After 9 years, Kim Putters is leaving the SCP, the organization that provides the Netherlands with figures and explanations about social developments. He is not reassured: “Confidence in the functioning of the democratic constitutional state is under pressure.”
It sounds like fairly dry fare: collecting enormous amounts of figures and statistics about the most diverse social developments. The Social and Cultural Planning Office (SCP) is involved in this. The bureau translates information about important social trends into concrete advice for politicians and policymakers.
‘It is not possible to reduce inequality’
And that is far from boring, says outgoing director Kim Putters (48). “Our studies over the past few years have shown time and again that there are persistent dividing lines and inequalities in society.”
And Putters is very concerned about this: “Despite the intention to reduce inequality, it is not possible. This inequality of opportunity is not only about more education, the causes may also lie in poverty or debt.”
The SCP investigates how the Dutch are doing in the field of work, health, sport and culture. “Our studies are often large-scale. For example, we work with online surveys, telephone interviews and panel discussions to find out what people find important.”
Putters’ mission was to press politics with the nose on important facts. For example, he warned early on about impending problems in healthcare, and also about the growing gap between rich and poor in our country. But the question is whether politicians listened to him enough.
At the table with Mark Rutte
The director of the SCP sat at the table with Mark Rutte every week. “We are trying to make the voice of citizens heard there and to really look for explanations.”
“That is more than just mentioning numbers that say ‘so many percent are for or against’. We are looking for the ‘why?’. What makes people say ‘it has to be very different’, what are people angry about?”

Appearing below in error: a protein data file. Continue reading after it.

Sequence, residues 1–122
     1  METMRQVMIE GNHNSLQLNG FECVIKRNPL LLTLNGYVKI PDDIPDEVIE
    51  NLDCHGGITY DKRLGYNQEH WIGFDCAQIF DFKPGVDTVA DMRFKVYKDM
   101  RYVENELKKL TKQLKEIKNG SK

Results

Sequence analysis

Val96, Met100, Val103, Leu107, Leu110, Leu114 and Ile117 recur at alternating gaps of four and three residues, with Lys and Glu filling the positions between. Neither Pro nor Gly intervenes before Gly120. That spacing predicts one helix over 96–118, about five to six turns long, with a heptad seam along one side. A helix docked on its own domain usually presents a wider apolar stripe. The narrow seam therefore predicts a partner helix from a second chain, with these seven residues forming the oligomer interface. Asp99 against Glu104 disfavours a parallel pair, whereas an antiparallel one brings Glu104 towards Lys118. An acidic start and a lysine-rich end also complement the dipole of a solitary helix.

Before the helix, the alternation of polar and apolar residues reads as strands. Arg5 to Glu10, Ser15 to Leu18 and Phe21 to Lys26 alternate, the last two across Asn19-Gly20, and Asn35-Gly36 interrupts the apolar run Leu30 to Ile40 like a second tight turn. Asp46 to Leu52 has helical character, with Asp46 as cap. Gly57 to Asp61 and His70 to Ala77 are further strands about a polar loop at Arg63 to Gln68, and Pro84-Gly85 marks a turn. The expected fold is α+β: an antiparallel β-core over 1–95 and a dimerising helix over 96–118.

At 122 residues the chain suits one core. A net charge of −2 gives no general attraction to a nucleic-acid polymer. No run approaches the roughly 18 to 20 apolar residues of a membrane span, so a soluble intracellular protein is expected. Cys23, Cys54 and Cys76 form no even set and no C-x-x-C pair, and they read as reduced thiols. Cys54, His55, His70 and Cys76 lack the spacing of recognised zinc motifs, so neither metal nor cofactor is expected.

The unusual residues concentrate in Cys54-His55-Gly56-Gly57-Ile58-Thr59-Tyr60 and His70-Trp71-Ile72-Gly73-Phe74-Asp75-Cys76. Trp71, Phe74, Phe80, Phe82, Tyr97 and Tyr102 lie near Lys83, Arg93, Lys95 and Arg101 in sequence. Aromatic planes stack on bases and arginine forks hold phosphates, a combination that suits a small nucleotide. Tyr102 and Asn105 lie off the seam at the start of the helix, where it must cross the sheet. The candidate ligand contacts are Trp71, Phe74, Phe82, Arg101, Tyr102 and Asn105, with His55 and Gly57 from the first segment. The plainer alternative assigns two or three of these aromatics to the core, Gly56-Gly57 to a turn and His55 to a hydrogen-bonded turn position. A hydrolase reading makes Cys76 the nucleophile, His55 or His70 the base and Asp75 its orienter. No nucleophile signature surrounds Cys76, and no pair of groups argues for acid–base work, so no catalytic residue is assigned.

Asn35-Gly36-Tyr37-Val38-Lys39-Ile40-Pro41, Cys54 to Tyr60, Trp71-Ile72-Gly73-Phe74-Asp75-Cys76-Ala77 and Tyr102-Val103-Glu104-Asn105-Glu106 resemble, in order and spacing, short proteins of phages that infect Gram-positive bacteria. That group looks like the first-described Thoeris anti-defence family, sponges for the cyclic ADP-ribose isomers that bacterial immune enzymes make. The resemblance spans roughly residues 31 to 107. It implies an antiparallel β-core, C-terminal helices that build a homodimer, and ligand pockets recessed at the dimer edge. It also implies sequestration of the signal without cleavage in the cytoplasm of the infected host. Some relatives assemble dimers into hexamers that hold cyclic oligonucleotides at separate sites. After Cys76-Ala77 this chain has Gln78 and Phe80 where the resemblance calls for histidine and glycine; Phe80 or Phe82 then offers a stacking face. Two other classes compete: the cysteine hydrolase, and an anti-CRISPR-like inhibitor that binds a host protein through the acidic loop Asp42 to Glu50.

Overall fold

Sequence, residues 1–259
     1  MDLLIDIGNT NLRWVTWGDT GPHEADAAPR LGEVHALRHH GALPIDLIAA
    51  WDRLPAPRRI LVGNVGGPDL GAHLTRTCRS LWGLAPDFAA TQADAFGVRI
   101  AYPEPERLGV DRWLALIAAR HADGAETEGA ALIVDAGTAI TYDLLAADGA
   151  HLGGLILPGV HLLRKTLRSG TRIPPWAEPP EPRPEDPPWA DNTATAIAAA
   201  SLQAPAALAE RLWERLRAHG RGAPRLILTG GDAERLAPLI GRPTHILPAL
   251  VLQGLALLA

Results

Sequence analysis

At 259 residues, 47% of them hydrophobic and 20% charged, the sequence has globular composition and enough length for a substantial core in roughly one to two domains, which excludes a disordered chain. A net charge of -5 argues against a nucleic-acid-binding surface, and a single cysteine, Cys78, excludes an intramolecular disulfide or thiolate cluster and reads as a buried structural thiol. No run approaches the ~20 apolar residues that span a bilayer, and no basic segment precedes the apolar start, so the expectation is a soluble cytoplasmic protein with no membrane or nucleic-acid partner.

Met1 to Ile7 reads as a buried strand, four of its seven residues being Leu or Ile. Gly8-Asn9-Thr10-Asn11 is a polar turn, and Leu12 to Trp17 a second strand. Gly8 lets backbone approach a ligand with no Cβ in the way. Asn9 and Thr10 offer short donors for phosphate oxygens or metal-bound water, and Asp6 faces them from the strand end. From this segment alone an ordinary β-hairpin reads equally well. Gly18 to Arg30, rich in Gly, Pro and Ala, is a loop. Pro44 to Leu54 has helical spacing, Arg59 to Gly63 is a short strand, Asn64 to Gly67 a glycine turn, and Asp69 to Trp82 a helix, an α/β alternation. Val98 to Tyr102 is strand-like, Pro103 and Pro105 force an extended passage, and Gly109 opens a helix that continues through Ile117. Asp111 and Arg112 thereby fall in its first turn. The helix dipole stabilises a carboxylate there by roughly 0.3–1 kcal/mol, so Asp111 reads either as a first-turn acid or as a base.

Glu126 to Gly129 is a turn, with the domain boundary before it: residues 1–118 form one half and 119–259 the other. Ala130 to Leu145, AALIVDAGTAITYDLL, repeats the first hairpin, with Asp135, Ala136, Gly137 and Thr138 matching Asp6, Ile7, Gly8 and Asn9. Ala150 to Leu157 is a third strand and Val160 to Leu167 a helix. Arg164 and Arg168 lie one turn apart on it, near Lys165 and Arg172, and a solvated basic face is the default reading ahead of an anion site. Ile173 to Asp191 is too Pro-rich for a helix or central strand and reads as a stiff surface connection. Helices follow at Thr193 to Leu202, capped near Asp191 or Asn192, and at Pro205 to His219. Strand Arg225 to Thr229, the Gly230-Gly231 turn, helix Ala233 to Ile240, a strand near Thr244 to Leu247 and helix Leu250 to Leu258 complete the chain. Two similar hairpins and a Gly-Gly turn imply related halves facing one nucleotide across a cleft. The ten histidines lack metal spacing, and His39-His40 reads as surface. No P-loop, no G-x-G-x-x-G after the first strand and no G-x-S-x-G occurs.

‘Corona crisis has made clear how dire the situation is’
For 9 years now, Putters has been calling on the government to reduce the inequality of opportunity, so far with little effect. “The corona crisis has made it painfully clear how dire the situation is for many people. If you only have a temporary job, for example, or are a lonely elderly person, without a caregiver.”
“Children who fall behind because they do not have a computer at home. I hope that politics, partly due to corona, has started to see that it really needs to go a bit further.”
Most Influential Dutchman
Despite the fact that he sometimes felt like a voice crying in the desert, Kim Putters was named number 1 of the 200 most influential Dutch people for 2 years in a row by the Volkskrant.
“Week in, week out I have said to the cabinet: ‘If you do this, also take this group of people into account’. I do not know whether that is influential. But it would be worse if that voice were not heard at all. Sometimes I had a difficult message, but that’s what I was ordered to do.”
According to Putters, effective government policy that really tackles the problems requires much more empathy and cooperation: “If we want a society that is more inclusive and sustainable, then the perspective of citizens must be more emphatically reflected in policy. Otherwise, confidence in the functioning of the Dutch democratic constitutional state will come under further pressure.”
He will keep to himself what Kim Putters will do after his departure from the planning office. “At least relax for a while”, he lets go of that much.
Kim Putters is leaving the Social and Cultural Planning Office after 9 years. “Confidence in the functioning of the democratic constitutional state is under pressure.”